As you know, Clark Lake’s Laurice LaZebnik is a published author. She and her husband, Bob, live in the remarkable log home that graces Kentucky Point. Her soon to be released novel, Minnie’s Potatoes, is an historical narrative based on the life of her great grandmother. Laurie chronicles the lives of immigrants during Michigan’s lumbering boom and how bootlegging saved the family. Once you begin reading, you will want to know more about the family she writes about–this engaging story is no ordinary tale.
Minnie’s Potatoes will be available in print in March 2016 at Doyle’s on Hyde Road, Clark Lake. You can also download it to your Kindle on Amazon.com.
Below is the first in a series of shorts that provides previews of what was uncovered in writing the book. As you read future entries, you’ll also learn of some the mysteries left unresolved.
Meet my grandfather, Wilhelm F. Hartman, oldest son of Frederick and Wilhelmina Hartman. He left the Port of Bremen in Germany in October of 1882 with his mother and two brothers, and traveled steerage class on the steam and sailing ship Werra to the port of New York. They arrived 18 days later. Speaking only Polish, German and some Russian like his mother, the eight year old herded his siblings while she navigated through the doctors and customs agents at the Castle Rock Immigration Center.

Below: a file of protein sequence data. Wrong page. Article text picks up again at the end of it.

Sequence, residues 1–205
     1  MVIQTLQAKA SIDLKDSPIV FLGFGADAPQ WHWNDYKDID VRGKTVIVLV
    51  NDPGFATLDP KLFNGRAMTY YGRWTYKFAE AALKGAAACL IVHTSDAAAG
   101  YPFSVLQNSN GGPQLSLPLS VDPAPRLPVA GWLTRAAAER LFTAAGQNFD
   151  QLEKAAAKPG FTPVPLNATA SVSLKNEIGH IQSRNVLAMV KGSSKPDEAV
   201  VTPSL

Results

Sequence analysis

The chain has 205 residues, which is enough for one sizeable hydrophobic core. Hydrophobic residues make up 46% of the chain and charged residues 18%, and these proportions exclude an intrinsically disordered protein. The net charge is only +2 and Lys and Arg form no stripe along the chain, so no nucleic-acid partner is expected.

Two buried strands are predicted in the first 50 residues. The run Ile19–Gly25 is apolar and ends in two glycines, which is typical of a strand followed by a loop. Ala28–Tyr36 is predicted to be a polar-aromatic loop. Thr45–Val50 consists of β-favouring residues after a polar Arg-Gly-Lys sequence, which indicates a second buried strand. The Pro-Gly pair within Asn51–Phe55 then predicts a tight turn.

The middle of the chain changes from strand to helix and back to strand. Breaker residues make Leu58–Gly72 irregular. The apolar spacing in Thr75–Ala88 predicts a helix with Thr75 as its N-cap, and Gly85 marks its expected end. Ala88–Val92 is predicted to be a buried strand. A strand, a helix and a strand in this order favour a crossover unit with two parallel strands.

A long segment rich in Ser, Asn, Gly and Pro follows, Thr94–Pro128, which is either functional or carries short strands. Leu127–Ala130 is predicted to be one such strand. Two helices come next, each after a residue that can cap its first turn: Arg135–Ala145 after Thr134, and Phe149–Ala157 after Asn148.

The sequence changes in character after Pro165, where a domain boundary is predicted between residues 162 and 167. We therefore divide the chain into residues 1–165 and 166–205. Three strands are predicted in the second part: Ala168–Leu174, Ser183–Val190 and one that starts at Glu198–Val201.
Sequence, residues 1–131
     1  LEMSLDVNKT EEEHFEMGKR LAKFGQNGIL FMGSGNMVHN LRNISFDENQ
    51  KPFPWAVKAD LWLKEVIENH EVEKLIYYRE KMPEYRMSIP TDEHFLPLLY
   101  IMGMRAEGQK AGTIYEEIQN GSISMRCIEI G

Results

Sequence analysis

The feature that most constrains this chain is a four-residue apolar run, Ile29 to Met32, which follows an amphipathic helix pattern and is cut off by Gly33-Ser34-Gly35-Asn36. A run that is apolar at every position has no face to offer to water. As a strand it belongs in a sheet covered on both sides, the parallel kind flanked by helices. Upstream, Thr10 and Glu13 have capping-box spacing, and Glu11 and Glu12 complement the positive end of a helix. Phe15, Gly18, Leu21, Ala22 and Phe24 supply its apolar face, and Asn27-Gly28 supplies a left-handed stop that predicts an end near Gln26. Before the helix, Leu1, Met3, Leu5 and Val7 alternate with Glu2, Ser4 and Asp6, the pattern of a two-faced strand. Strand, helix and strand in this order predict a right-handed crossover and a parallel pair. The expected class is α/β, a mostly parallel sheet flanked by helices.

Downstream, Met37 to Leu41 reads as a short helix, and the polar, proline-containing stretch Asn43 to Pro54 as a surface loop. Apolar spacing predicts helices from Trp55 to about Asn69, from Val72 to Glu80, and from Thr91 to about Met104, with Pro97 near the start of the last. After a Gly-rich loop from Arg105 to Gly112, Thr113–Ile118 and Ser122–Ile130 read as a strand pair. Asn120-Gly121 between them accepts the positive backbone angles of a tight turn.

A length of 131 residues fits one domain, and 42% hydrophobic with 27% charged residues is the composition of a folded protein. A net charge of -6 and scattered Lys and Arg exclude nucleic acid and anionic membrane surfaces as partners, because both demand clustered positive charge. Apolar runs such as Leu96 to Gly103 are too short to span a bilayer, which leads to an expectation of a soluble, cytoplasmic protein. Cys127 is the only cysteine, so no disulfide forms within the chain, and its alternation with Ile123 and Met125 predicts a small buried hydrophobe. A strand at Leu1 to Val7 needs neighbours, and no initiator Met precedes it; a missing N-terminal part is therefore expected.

The family traveled up the Hudson by boat to Albany and by barge west on the Erie Canal to Lake Erie. Their steamer followed the St. Mary’s River north to Lake St. Clair, and then struck further north on Lake Huron to Port Hope where they met their father, Frederick Hartman. The boy started working when he was eight and continued until his death in 1958.
My grandfather was in his early 60’s when this photo was taken. He’s standing next to his field companion, Cobb. The workhorse is ready to pull the single bottom plow Grandpa used to till the land he cleared of pine stumps leftover from Michigan’s lumbering era.
Missing in this picture is Cobb’s teammate Dick, another family laborer and pet. The horse died of a heart attack in 1911. Dick’s death left a hole in the Hartman workforce and an emotional loss to the family that had ballooned to 12. Wilhelm’s younger brother had Dick’s coat tanned and flattened into a rug so the old horse could continue serving his human kin by keeping cold drafts from wafting up through the log cabin’s floorboards.